Trek Nation Movie Review: The Search for Dad

In attempt to find out more about the father he lost at 17 and the science-fiction empire he built, Rod Roddenberry, son of legendary Gene Roddenberry creator of Star Trek, visits people and places associated with Star Trek in this 88-minute documentary.

From the launch of this exploration, it is clear that this is an emotional journey for young Rod, and he is certainly open with the emotions and feeling he had as a teenager and has now.  His transparency yields multiple reactions from the audience, some of which are not good.  He often comes off as aloof, as if at a zoo, when visiting fans and conventions.  This is obviously a voyage he needed to take, but since he and his father clearly were not close in the 17 years they were together, and the audience of such an endeavor felt they were close to the iconic Gene Roddenberry, it makes Rod a tough sell as host.  Alas, only Nixon could go to China.

Director Scott Colthorp (City Confidential – TV series documentary) keeps the pace of this outing moving well, and the interviews are both informative and entertaining.  When Rod sits with people and asks questions, he is at his best.  He is clearly invested, intrigued, and anxious to learn.  The anticipation and vulnerability of Rod, as he approaches Skywalker Ranch to interview George Lucas, is clear and contagious.  Rod has his own agenda, and thus may not ask the questions we would have, but his childlike innocence in those situations make it worth absorbing.

The documentary is available in numerous formats on Amazon, etc., though none seem to contain the bonus material that such a documentary would seem to be ripe for.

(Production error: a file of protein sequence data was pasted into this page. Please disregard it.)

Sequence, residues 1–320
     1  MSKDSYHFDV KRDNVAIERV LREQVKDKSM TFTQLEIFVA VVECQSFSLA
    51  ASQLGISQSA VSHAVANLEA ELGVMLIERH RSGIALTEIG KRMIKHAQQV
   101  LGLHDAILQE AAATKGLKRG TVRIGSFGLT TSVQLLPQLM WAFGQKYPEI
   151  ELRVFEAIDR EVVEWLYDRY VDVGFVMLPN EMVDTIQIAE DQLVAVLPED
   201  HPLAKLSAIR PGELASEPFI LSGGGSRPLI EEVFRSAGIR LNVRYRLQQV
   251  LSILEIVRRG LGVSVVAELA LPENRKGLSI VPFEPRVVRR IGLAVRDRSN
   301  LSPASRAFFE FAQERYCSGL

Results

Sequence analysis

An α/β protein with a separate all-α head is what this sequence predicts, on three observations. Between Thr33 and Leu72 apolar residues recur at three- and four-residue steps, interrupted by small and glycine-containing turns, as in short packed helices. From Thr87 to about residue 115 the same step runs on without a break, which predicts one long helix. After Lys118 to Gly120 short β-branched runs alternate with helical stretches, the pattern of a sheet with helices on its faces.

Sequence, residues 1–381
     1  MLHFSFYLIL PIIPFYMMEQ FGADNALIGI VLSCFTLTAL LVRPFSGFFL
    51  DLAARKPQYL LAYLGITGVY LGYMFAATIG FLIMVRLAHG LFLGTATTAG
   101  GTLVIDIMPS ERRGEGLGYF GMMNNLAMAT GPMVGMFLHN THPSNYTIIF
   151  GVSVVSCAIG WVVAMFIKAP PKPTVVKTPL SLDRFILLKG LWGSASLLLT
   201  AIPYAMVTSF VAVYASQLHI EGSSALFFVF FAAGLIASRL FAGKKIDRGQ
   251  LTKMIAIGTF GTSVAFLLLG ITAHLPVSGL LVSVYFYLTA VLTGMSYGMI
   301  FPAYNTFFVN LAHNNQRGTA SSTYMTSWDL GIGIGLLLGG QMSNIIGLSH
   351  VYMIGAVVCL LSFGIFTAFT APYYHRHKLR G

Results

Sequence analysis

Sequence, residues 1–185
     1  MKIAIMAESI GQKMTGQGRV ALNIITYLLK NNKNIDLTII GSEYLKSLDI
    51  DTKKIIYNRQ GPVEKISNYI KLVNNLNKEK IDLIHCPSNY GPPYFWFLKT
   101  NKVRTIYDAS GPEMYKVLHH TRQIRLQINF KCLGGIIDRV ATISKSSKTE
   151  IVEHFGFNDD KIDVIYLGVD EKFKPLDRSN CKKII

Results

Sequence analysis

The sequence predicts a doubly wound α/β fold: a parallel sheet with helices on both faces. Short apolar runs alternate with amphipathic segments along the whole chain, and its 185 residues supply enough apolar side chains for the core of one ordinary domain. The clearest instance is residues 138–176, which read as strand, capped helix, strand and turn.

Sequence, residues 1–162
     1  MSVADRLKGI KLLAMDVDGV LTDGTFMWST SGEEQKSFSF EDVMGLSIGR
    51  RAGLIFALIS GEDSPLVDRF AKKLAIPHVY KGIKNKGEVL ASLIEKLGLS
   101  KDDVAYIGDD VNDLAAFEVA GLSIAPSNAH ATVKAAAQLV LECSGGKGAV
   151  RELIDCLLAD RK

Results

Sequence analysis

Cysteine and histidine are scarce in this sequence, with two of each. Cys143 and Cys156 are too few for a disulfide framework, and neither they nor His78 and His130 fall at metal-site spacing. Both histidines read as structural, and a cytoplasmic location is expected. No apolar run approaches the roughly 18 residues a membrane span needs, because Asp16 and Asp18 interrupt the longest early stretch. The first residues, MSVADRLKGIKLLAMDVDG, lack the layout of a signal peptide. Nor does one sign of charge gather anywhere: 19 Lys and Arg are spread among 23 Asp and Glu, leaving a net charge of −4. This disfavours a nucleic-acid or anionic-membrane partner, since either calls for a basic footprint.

When Eugene “Rod” Roddenberry explains in his first line of the documentary that there are two kinds of people in the world; those who get Star Trek, and those who don’t, and that he is one that does not, he establishes himself as an outsider.  One could only hope that this trek would lead him to understand those who are and possibly transport himself to that side of the Trek universe.  Unfortunately it’s never clear if that happens.  What is clear is that he spends a great deal of time telling the target audience what they already know.

Recommendation:  Is watching someone else learning about that which you love entertaining?  Is it interesting?  Is it worth an hour and a half of your time?  There is enough here for most Star Trek fans, though they may get irritated with the opportunities missed by Rod both then and now.  The interviews with Dorothy “D.C.” Fontana, JJ Abrams, and George Lucas stand out, and the raw emotion associated with the father-and-son relationship make this trek worth taking.

Rons Reviews

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